For high school student-athletes, the start of September means so much more than the changing colors of the leaves and the coolness of fall.
Instead, the first few days of the month are a sign of the future for many student-athletes who have put in countless hours of hard work academically and athletically since childhood.
On September 1, Division I college coaches can communicate with high school juniors via text messages, emails, phone calls and recruiting materials. In addition, coaches are permitted to return calls, emails and any questions posed in advance to student-athletes.
“It’s always exciting when a student-athlete has the opportunity to go through the recruiting process,” Geno Miller, athletic director of McCracken County High School, told The Sun. “You always tell them to enjoy it because it’s an experience that doesn’t happen to everyone.”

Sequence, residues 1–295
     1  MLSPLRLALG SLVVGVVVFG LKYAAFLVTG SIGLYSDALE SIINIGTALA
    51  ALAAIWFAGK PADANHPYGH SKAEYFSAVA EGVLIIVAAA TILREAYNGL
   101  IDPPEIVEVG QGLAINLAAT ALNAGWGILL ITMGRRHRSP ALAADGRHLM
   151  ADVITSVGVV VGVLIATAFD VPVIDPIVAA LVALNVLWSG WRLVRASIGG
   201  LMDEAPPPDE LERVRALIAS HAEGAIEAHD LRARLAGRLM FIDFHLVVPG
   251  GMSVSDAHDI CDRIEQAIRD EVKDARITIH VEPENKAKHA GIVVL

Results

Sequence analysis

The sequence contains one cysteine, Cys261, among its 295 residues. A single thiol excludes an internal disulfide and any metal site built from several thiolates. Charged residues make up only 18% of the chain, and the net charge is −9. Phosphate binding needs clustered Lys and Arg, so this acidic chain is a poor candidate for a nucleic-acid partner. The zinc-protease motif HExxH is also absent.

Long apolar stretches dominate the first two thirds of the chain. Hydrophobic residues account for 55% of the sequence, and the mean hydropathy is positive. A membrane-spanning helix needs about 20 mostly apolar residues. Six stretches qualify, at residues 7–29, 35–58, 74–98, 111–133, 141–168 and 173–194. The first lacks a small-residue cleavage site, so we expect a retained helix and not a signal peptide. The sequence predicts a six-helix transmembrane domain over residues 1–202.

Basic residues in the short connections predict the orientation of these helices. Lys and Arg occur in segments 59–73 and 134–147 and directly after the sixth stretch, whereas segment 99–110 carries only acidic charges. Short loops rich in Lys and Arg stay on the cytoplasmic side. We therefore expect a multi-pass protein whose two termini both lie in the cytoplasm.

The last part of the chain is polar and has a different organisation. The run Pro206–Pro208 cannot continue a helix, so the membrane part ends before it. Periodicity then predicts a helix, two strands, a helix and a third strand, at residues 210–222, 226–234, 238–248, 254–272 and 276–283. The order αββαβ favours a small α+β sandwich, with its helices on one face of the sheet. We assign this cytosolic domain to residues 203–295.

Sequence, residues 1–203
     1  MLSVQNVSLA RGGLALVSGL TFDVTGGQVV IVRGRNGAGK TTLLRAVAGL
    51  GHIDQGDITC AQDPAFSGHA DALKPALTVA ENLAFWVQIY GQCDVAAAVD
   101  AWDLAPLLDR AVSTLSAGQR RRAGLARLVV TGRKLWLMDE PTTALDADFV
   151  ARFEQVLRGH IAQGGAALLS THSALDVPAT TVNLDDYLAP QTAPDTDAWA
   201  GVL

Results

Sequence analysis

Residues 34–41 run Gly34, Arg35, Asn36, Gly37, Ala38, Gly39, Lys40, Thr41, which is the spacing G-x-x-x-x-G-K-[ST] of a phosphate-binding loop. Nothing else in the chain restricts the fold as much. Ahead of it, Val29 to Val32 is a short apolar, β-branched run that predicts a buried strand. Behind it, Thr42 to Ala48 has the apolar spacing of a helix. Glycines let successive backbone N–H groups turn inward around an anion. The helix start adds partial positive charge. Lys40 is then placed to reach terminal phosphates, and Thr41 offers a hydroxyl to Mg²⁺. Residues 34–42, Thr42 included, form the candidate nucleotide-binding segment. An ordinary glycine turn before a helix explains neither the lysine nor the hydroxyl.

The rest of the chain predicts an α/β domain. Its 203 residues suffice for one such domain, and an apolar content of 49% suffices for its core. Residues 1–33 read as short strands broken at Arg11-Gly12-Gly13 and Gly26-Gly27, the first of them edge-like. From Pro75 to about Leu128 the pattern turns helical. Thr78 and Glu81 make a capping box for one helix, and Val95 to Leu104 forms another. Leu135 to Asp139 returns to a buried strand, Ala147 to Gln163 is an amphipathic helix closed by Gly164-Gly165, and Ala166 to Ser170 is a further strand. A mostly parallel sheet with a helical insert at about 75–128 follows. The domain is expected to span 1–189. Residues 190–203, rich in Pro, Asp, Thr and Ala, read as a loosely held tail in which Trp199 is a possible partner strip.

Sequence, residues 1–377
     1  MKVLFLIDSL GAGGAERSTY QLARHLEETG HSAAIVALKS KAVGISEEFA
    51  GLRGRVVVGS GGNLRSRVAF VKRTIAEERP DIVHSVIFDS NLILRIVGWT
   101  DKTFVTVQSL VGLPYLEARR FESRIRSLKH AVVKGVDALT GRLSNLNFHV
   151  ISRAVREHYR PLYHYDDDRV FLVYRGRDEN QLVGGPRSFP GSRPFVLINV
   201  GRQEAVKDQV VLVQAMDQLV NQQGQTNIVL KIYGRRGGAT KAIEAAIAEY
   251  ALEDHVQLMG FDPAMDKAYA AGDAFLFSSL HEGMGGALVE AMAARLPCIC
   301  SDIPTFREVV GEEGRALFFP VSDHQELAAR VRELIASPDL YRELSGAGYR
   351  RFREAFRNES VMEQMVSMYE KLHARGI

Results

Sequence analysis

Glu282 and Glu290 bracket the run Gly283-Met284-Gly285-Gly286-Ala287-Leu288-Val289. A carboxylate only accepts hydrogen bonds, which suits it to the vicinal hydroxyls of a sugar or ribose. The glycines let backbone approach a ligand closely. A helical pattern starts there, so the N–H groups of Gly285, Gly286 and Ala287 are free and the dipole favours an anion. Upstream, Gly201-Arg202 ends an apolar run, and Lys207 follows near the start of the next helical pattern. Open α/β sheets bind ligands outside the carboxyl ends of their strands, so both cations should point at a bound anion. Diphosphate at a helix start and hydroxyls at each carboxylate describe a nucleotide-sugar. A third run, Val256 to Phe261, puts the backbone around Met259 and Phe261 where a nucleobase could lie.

From baseball to fast-paced softball, potential D1 student-athletes have the opportunity to coordinate with their favorite school’s athletic director for informal visits to the college to meet with coaches, staff and potential future teammates. this moment.
For Division II, the day arrives a little earlier than for any D1 athletes. College coaches begin contacting student-athletes in June after completing their second year, providing information and preparing future athletes in their programs.
There are no restrictions for college programs that contact athletes for Division III, NAIA and NJCAA levels. While this is beneficial for young athletes pursuing a college career in one of these levels, programs typically wait until the athlete’s first year in high school to communicate.
As Miller said, the recruiting process is an experience that not all athletes will experience in high school. But, while it can seem stressful and boring at times, it is a moment in the life of a young athlete that he will cherish for the rest of his life.